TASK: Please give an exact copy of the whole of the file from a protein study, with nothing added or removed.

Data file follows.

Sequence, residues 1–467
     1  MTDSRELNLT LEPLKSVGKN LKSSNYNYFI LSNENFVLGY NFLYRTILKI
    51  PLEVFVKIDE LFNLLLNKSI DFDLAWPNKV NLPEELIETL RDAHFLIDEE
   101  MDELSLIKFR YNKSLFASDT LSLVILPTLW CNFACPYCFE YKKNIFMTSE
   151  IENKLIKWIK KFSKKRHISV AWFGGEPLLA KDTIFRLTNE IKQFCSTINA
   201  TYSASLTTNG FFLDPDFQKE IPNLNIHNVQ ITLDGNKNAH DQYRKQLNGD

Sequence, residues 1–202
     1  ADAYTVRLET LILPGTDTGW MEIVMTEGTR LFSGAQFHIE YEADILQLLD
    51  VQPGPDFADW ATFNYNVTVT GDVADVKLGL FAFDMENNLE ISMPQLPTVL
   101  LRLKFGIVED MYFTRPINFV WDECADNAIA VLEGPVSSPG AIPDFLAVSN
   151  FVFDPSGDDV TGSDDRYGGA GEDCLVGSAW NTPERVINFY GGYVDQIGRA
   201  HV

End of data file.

Sequence, residues 1–467
     1  MTDSRELNLT LEPLKSVGKN LKSSNYNYFI LSNENFVLGY NFLYRTILKI
    51  PLEVFVKIDE LFNLLLNKSI DFDLAWPNKV NLPEELIETL RDAHFLIDEE
   101  MDELSLIKFR YNKSLFASDT LSLVILPTLW CNFACPYCFE YKKNIFMTSE
   151  IENKLIKWIK KFSKKRHISV AWFGGEPLLA KDTIFRLTNE IKQFCSTINA
   201  TYSASLTTNG FFLDPDFQKE IPNLNIHNVQ ITLDGNKNAH DQYRKQLNGD

Sequence, residues 1–202
     1  ADAYTVRLET LILPGTDTGW MEIVMTEGTR LFSGAQFHIE YEADILQLLD
    51  VQPGPDFADW ATFNYNVTVT GDVADVKLGL FAFDMENNLE ISMPQLPTVL
   101  LRLKFGIVED MYFTRPINFV WDECADNAIA VLEGPVSSPG AIPDFLAVSN
   151  FVFDPSGDDV TGSDDRYGGA GEDCLVGSAW NTPERVINFY GGYVDQIGRA
   201  HV